Zilka v. StateAnnotate this Case
385 S.W.2d 680 (1964)
Anthony Martin ZILKA, Appellant, v. The STATE of Texas, Appellee.
Court of Criminal Appeals of Texas.
December 16, 1964.
Rehearing Denied January 27, 1965.
John B. Reese, of Neal, Hazlewood & Wolfram, Amarillo, (Above firm on appeal only) Joseph H. Pool, Amarillo, for appellant.
George E. Dowlen, Dist. Atty., Canyon, and Leon B. Douglas, State's Atty., Austin, for the State.
The offense is rape; the punishment, life.
The witness Jones testified that appellant, accompanied by the injured girl, came to the farm where he was living on the morning of the day in question, that appellant reported to him that the girl had "slid off the car seat down on the floor and hit a piece of iron", and that after they entered his house and at appellant's request, he tore up a sheet which appellant used to make two separate diapers in an effort to stop the flow of blood from her private parts. He testified that appellant stated that "the man that gets her won't get no cherry" when referring to the injured girl. Jones stated that instead of working on an automobile as they had planned he accompanied appellant back to his home and thence to the hospital where appellant was arrested.
The girl's mother testified that she was married to the injured girl's natural father but that she had been living with appellant for some time and was in the process of divorcing her husband. She further testified that she planned to marry Tony, the appellant, by whom she had borne another child. She stated that the injured child was three years old and was in good health when she left home on the morning in question, but was injured when she and appellant returned and that appellant admonished her not to say anything about the injury. She stated that when appellant left to see about getting some money she went next door and summoned her neighbor, Mrs. Poole, who looked at the girl and advised her to "call the law". She testified that she and appellant carried the girl to the hospital where appellant told the doctor that the child had been "hurt with a screw driver", but that after examining the child the doctor reported that she had been raped.
*681 Mrs. Poole testified that in response to Mrs. Andrews' plea for help she found the injured child lying on the bed with blood on her body and clothes, that the child looked up at her and said "he hurt me" and when the child's mother asked "who hurt you?", the child replied, "Tony did."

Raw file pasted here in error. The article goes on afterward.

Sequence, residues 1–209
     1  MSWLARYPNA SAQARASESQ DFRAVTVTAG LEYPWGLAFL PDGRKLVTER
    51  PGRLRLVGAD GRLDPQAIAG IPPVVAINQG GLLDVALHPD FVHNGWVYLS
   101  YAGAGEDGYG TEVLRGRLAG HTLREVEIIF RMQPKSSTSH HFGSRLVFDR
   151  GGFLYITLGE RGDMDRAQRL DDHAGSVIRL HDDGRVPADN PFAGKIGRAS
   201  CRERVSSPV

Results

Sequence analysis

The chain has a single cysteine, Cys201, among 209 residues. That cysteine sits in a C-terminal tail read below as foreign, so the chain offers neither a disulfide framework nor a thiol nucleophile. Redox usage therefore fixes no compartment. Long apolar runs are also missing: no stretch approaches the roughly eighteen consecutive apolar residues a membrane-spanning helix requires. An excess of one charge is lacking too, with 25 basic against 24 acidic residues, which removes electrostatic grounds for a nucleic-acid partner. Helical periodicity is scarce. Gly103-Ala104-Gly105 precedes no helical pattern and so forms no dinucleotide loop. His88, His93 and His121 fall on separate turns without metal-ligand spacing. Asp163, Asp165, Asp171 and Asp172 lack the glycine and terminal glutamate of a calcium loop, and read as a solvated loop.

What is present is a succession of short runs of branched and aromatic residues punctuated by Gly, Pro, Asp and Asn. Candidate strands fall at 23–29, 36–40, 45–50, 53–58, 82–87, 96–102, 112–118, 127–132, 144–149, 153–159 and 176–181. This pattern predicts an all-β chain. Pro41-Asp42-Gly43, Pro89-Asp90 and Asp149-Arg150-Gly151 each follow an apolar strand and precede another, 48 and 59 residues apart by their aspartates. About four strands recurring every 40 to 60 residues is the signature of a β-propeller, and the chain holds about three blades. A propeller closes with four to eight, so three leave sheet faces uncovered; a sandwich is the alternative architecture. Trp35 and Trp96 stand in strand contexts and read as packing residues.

The record reflects that witnesses Jones and Andrews (the girl's mother) referred to appellant as "Tony" throughout their testimony.
Dr. Hand testified that he examined the bloody vagina of the injured child and found a tear three-fourths of an inch wide and four or four and one-half inches deep and that an examination of a swab revealed "several dead sperm" along the full length of the vagina.
Appellant testifying in his own behalf admitted two prior felony convictions in the State of Pennsylvania, denied that he raped the child, but admitted that she was bleeding from her private parts at the time he first saw the witness Jones and did not claim that the child was with anyone else prior to his meeting with Jones.
The jury resolved the issue of fact against appellant, and we find the evidence sufficient to support the conviction.
By brief and in argument appellant contends that the court erred in admitting the testimony of Mrs. Poole as to the outcry of the injured child. The State relies upon our opinion in Haley v. State, 157 Tex.Cr.R. 150, 247 S.W.2d 400, and we agree that such holding is here controlling.
He next contends that the court erred in not charging the jury on circumstantial evidence. The case most nearly in point we have concluded is Hale v. State, 164 Tex.Cr.R. 482, 300 S.W.2d 75. There we said that the testimony of the doctor plus the outcry took the case out of the circumstantial evidence rule.
Finding no reversible error, the judgment is affirmed.